Yesterday (January 20th) there were several media mentions of HPAI H5 detected in Idaho – the fifth US state to report these emerging avian viruses since early December.
Crof picked up a story (see US: Highly pathogenic bird flu strikes Idaho for first time), and Lisa Schnirring of CIDRAP NEWS referenced it last night in her excellent roundup Tests reveal H5N1 in Israeli turkeys, four countries report other strains.
Idaho – like many of our western states - lies beneath the Pacific Migratory Flyway (see below), which runs north-south from Siberia to the tip of South America.
While most flyways are north-south, their overlapping allows for a lateral (east-west) movement of avian viruses as well – often via shared nesting areas and ponds – something we’ve looked at recently in The North Atlantic Flyway Revisited & FAO On The Potential Threat Of HPAI Spread Via Migratory Birds.
This year we’ve seen an unprecedented global spread of HPAI H5 viruses (primarily H5N8 & H5N2), with viruses appearing only recently in Korea and Eastern China now showing up in Europe and North America, apparently carried by migratory birds.
Luckily neither of these two subtypes is currently viewed as posing a serious threat to human health, although they can be devastating to poultry operations. The concern – beyond its considerable threat to the poultry industry – is that these viruses can meet up with other influenza viruses and reassort –potentially producing hybrid strains - possibly with unpredictable results.
Shift, or reassortment, happens when two different influenza viruses co-infect the same host swap genetic material. New hybrid viruses may be the result of multiple reassortments, with gene contributions coming from several parental viruses. Recently we’ve seen reports of two new reassortments with imported HPAI H5 in Taiwan, resulting in a `new’ H5N2 and a `new’ H5N3’ virus.
Boise – The Idaho State Department of Agriculture (ISDA) has initiated a multi-agency investigation following the confirmation of a highly pathogenic strain of the avian influenza virus (HPAI), originating from wild waterfowl, in western and southern Idaho. The incidents of HPAI recently found in Washington, Oregon, California and Utah, led USDA Wildlife Services and the Idaho Department of Fish and Game to increase routine disease surveillance of wild waterfowl in common migratory regions of Idaho.
Surveillance conducted in Gooding County identified several cases of H5N8 avian influenza in wild ducks. The H5N2 strain of avian influenza virus was confirmed in three falcons from a private, noncommercial flock in Canyon County, Idaho and was a result of recent contact with wild waterfowl. The flock is currently under quarantine and additional viral testing is being conducted on the remaining birds.
Additionally, a small backyard poultry flock in Canyon County, Idaho was identified as having chickens positive for H5N2. That flock was immediately put under quarantine and the birds have been depopulated.
“Both the H5N8 and H5N2 strains of HPAI confirmed in Idaho have previously been identified in incidents in backyard domestic poultry and wild fowl in other northwestern states. It is critical that backyard flock owners and poultry producers take every opportunity to prevent contact between domestic birds and the wild waterfowl that carry the avian influenza virus” said Dr. Bill Barton, ISDA State Veterinarian.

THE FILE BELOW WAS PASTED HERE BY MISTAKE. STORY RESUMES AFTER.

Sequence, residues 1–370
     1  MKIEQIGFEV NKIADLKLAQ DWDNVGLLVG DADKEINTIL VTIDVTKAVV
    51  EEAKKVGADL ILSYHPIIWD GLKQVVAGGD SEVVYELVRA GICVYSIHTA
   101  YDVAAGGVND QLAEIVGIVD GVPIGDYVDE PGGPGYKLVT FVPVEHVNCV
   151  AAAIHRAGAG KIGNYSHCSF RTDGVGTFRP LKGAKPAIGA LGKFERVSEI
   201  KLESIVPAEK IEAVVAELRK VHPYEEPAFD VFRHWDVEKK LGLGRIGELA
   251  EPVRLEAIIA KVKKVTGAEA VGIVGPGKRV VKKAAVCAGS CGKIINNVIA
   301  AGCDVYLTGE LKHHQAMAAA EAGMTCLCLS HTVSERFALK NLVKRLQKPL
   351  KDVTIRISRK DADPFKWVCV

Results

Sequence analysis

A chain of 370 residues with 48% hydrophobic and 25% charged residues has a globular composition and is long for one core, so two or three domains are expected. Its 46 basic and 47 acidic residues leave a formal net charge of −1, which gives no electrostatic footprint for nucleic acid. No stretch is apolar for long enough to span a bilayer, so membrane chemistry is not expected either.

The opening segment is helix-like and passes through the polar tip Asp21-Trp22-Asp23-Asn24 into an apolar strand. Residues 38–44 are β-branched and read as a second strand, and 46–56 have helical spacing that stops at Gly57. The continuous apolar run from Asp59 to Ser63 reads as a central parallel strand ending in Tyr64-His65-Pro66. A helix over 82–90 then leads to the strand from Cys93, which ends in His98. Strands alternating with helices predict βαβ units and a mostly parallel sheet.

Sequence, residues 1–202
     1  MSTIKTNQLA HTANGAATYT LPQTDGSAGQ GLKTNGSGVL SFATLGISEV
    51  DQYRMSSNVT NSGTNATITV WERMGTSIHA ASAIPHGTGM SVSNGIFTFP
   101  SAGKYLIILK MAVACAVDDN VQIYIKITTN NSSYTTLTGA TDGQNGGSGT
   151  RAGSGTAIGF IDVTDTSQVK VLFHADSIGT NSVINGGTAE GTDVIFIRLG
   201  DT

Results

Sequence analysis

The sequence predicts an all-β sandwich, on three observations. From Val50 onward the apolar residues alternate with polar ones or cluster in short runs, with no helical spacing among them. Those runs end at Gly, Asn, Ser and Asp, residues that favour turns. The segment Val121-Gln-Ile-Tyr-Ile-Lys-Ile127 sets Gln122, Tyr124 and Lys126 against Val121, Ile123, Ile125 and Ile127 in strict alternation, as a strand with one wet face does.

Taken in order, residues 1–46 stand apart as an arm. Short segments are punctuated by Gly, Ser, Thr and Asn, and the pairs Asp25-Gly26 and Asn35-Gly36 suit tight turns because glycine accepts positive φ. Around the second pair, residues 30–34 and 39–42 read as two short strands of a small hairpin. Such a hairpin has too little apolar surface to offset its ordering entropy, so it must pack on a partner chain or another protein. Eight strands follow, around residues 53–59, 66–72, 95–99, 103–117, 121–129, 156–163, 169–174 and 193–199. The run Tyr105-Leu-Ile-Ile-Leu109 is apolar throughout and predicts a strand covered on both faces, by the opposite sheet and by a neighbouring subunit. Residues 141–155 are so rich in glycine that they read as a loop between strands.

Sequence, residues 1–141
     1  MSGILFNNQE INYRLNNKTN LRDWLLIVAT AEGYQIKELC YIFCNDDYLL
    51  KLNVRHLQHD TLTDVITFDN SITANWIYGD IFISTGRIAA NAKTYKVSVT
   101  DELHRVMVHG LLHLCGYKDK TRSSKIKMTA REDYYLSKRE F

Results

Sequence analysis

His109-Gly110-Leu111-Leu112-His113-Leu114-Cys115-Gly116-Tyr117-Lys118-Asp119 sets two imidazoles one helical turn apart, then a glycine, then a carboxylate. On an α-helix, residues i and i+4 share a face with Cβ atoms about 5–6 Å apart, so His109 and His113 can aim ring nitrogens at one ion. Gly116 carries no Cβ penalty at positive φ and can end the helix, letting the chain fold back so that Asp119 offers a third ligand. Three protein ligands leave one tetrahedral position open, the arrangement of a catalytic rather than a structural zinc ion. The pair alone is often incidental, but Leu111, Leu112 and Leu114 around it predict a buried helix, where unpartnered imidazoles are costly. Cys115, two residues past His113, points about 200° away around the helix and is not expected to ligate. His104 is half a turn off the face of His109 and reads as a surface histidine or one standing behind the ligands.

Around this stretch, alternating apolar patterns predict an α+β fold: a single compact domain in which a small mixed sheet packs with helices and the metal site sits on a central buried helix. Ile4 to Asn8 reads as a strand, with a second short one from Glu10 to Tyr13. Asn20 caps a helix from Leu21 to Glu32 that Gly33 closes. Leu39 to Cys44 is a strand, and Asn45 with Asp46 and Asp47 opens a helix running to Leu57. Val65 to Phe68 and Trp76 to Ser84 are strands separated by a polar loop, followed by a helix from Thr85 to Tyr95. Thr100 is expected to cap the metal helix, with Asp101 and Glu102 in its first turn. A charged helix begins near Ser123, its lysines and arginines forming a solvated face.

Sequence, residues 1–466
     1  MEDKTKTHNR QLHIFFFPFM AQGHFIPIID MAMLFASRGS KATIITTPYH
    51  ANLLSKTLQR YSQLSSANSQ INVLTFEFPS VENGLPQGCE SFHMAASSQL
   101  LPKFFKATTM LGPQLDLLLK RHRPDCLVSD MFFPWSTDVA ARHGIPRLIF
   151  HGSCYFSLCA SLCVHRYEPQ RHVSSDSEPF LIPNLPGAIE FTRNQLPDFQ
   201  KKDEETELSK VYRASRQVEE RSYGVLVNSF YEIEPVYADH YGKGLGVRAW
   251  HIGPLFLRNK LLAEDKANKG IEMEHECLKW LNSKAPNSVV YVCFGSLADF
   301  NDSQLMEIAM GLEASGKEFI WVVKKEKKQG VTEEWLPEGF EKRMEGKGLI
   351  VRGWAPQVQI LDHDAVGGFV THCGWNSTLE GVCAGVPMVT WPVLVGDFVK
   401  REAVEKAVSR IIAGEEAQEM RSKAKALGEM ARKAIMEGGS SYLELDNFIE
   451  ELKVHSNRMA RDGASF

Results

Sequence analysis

The ISDA is working closely with the Idaho Department of Fish and Game, the Idaho Department of Health and Welfare, USDA APHIS Wildlife Services and USDA APHIS Veterinary Services to further disease surveillance for avian influenza, statewide.
There have been no human illnesses associated with the H5N8 or H5N2 viral strains of avian influenza anywhere in the world, to date. The virus has not been found in commercial poultry anywhere in the United States.
However, to reduce the risk of exposure, individuals handling wild and domestic birds should remember to wash their hands after contact and cook all poultry and poultry products thoroughly prior to consumption. ISDA encourages commercial poultry growers and backyard owners to be vigilant with biosecurity measures, including maintaining separation between their flocks (including all feed and watering sites) and any wild birds.
All poultry producers should monitor their flocks for signs of illness in their birds. Symptoms of avian influenza include, but are not limited to, coughing, sneezing, respiratory distress, decreased egg production, swelling of the head, comb and wattles and sudden death. If producers observe symptoms consistent with HPAI in any of their birds, please contact the ISDA State Veterinarian’s office at 208-332-8540 or USDA-APHIS-VS, toll free at 1 -866-536-7593. Sick or dead wild birds should be reported to the Idaho Department of Fish & Game at 208-454-7638. Additional information about avian influenza and updates in the Idaho bird cases can be found at www.agri.idaho.gov under “Quick References – Avian Influenza Information”.
Additional information on seasonal and avian influenza in humans can be found at http://flu.idaho.gov . Information on Hunter Health can be found at
http://www.healthandwelfare.idaho.gov/Health/HunterHealth/tabid/1280/Default.aspx # # # USDA brochure – What is Avian Influenza?
http://www.aphis.usda.gov/wildlife_damage/nwdp/pdf/AvianFluBrochure.pdf Information on biosecurity (keeping birds healthy) for backyard flocks
http://healthybirds.aphis.usda.gov/ Video from USDA – Simple Steps to Keep Backyard Poultry Healthy
45 Video en espanol from USDA - Medidas Sencillas Para Mantener Saludables a Sus Aves de Corral
Given the apparent ease by which these two HPAI H5 viruses are hitching rides on wild and migratory birds, one shouldn’t be terribly surprised to see reports from additional states, and perhaps even from regions south of the US border.